The first two, three weeks have been a hard time for both my wife and me. The concepts of Gnome 3, how I as an user interact with the desktop environment are not comparable with "classic" desktop environments including Gnome 2, KDE 4, Windows 7 and yes, also Windows 8. Im not that familiar with OS X, as a result I have not mention that one in my list. But these concepts work fine for my wife as well as for me. We both do want to miss them.

With that message a big, big thank you to all people who contributed to Gnome 3.

Greetings,
pica

Reply Score: 3

totem upnp/dlna
by stabbyjones on Fri 28th Mar 2014 01:02 UTC
stabbyjones
Member since:
2008-04-15

Where the hell is my damn upnp plugin? I've been waiting for this to come back for years.

Since the switch to grilo from coherence i haven't seen anything of value in this respect.

Reply Score: 3

aesthetics vs usability
by SzoylentGreen on Fri 28th Mar 2014 13:43 UTC
SzoylentGreen
Member since:
2013-05-08

Gnome 3.12 looks very appealing from an aesthetics standpoint. Everything is nicely polished, very consistent. They have very clean choice of color schemes and a very consistent and clean icon set.

Problem is they've made some bizarre choices from a usability standpoint. Why the hell is it that about half the functionality is in the right side popup menu (the gear icon), and the other half is with the global half menu. WTF, seriously.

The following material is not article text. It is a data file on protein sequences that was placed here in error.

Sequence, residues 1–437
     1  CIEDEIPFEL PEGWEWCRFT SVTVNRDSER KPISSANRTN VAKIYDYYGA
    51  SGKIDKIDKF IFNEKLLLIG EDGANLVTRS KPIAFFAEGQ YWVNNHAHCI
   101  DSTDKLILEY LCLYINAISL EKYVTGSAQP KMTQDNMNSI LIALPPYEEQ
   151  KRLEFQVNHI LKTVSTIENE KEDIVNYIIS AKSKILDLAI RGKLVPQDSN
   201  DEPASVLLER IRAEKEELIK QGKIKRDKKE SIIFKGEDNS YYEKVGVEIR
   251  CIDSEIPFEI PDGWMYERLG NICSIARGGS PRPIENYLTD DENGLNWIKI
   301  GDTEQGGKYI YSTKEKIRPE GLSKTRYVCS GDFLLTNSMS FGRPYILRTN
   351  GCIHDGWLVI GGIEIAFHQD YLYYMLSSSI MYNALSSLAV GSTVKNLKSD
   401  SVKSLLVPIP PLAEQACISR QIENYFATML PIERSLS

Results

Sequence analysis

Then you have Unity which is borderline unusable on a desktop, at least with out unity tweak tool.

Finally KDE. KDE may have some seriously blind UI designers. Actually, I don't think they have any UI designers. Its really clear that most of the apps were made with a GUI form designer, i.e. everything looks like a dialog box from a VB application. The icons are ugly, plasma is garish, But at least its USABLE. You don't have to try to figure out what functionality is with which half menu. All the menu items are in one place.

If your going to do global menu bar, at least do it right like OSX. I'm perfectly fine using local or global menus, I just want them to work. Unity's global menu bar is totally schizophrenic, just seems to randomly switch around, really distracting. Plus it completely broken with Eclipse.

It seems like Linux just can't get global menu bar right. So how about this, don't use one. Just do local menus because they can seem to get those to work right, see Gnome 2 and KDE.

And this nonsense of the Unity hiding local menus, talk about distracting and jarring, whenever you move away from the window, the menus hide.

Reply Score: 2

The tech world moves on
by Orichalcum on Sat 29th Mar 2014 08:43 UTC
Orichalcum
Member since:
2014-02-11

These days, companies like Intel, Microsoft and Blackberry send me free hardware and offer free support to get apps and games ported to their devices and OS.

Can you IMAGINE this 15 years ago? How all-powerful they were? In the 90's Microsoft didn't give me the time of day. As late as 2009 Blackberry refused to send me even a native SDK. Look at them now.

The world moves on.

Reply Score: 4